I agree. Just look at the Topping L30 thread over at ASR. A number of people fried their L30 due to ESD hitting the shaft. From the shaft the ESD pulse went straight to the input op-amp, which was detroyed. And even worse, some people fried their headphones as well
The L30 is an excellent headphone amplifier and the problem has been solved on the latest version.
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Old 3rd March 2021, 10:20 AM   #7
Mark Tillotson is online now Mark Tillotson
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Quote:
Originally Posted by duncan2 View Post
Sounds like induced RF interference due to no screening, your body acts like a resistance value to earth so removes the hum.
I think its more likely that touching the wire grounds your hand so that it no longer injects hum into the nearby circuitry. In typical environment with mains wiring around you it can induce dozens of volts at mains frequency into you, since mains cables are not screened - the wiring around you in the building acts as a faraday cage running at mains potential (or about 1/2 to 1/3rd of mains potential as neutral and earth wires dilute the field).

So the whole environment you are in is at a fraction of mains voltage except for the things that are grounded conductors.

Ironicaly an industrial environment with 3-phase mains would have less problem with mains hum, if you think about it...
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Old 3rd March 2021, 10:59 AM   #8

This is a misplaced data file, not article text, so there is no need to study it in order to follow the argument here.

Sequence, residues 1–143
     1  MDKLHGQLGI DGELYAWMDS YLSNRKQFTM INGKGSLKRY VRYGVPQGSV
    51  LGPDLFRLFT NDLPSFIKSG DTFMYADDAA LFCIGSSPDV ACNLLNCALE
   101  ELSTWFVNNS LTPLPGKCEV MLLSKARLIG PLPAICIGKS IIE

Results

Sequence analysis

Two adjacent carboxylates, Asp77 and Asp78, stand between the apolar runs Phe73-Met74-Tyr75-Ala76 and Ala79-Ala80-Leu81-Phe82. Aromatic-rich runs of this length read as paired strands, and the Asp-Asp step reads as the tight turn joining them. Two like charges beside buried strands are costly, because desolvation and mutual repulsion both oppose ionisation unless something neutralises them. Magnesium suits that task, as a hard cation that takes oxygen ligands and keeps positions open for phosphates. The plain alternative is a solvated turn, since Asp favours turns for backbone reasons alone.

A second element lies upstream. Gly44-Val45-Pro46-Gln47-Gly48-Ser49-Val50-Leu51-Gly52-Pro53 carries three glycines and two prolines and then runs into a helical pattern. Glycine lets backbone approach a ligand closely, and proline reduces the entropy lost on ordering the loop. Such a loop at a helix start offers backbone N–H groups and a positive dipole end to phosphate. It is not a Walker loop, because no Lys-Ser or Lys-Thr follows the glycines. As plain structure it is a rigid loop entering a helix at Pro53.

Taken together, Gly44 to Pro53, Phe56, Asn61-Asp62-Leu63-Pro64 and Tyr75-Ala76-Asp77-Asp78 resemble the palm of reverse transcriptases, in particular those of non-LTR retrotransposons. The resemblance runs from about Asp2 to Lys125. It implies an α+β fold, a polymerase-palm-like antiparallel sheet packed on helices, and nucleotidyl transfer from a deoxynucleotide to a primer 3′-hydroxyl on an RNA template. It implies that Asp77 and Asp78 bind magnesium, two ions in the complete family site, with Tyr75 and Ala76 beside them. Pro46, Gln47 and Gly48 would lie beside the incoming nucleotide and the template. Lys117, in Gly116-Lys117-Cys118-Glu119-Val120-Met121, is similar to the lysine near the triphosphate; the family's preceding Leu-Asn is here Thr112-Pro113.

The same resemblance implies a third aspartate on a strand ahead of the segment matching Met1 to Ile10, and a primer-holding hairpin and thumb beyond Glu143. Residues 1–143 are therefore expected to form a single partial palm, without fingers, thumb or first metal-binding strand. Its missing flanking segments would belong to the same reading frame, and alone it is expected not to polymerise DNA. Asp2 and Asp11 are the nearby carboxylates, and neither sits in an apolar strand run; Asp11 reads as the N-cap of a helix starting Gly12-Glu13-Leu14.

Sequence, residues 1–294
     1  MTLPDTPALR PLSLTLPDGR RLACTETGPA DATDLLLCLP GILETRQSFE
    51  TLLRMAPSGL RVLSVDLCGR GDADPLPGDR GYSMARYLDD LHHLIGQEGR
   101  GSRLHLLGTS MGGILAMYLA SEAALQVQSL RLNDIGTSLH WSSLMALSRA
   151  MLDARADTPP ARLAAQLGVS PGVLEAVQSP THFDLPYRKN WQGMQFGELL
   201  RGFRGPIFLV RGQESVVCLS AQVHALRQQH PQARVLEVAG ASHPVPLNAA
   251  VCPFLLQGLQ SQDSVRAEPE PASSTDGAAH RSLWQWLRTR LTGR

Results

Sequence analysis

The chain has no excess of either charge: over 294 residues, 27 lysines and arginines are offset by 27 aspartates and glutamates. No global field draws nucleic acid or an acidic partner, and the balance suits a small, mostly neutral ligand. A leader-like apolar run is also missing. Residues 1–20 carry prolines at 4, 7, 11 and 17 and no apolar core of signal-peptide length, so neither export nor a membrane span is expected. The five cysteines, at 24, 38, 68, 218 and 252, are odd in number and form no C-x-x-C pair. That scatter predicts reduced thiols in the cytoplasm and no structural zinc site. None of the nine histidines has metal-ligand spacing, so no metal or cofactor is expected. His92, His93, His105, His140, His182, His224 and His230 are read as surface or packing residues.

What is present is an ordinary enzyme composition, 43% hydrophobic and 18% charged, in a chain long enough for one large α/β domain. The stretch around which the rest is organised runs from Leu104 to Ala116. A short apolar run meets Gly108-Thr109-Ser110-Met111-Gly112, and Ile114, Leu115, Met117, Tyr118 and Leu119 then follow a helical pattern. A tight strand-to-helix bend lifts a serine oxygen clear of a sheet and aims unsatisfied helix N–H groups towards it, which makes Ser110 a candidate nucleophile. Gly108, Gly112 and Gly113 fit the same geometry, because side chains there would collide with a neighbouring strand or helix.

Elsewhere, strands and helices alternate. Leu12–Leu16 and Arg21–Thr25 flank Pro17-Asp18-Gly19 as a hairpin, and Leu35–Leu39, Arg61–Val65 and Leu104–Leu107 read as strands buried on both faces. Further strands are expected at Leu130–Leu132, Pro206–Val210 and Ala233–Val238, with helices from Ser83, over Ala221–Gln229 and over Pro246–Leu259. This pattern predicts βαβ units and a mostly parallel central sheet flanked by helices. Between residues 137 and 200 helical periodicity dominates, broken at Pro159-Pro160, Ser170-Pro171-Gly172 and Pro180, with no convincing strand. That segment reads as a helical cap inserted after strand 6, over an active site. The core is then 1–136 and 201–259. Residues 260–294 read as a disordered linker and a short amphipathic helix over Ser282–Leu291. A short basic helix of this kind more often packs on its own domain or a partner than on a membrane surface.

duncan2 is offline duncan2  United Kingdom
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"Grounds your hand " ?-- isn't that the wrong way round .


Your body has a finite electrical resistance starting with skin surface resistance then the resistance of your bodies contact with a ground earth.


Standing on a "duck board" or in more modern parlance some thick rubber insulator stops the current flow of your bodies "circuit " .


I got first hand experience of this in a factory where the maintenance electrician using a metal screwdriver while standing on a duck board touched the live contact on an electrical heater he had---no shock.


I have had many 100,s if not 1000,s of shocks over my life time mains /high DC etc only my thick/high resistance skin which is always dry stopped me from departing this earth.


Yes your right I know about Faraday Shields goes back to WW2 use and earlier and I agree about 3-phase.
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Old 3rd March 2021, 01:03 PM   #9
nigelwright7557 is offline nigelwright7557  United Kingdom
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If the hum in your body is out of phase with the hum in the equipment you can get cancellation when touching bare metal.

High value pots can cause problems where there is no hum at either end but with the pot in the middle it hums badly.

Used to have an electric guitar where if I touched strings any hum in speaker would disappear.
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Old 4th March 2021, 03:55 PM   #10
RJM1 is offline RJM1  United States
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Nigel, the trick to fix that guitar is to put a 1M ohm resistor between the guitar bridge and ground.
It is large enough to not cause a shock hazard but is enough to ground the strings to prevent them from picking up power line noise.
I briefly worked at Gold Tone when they were developing their electric banjo which had this problem and implemented this fix.
Gold Tone Musical Instruments


Gold Tone EBM5 Electric Banjo - YouTube

Last edited by RJM1; 4th March 2021 at 04:19 PM.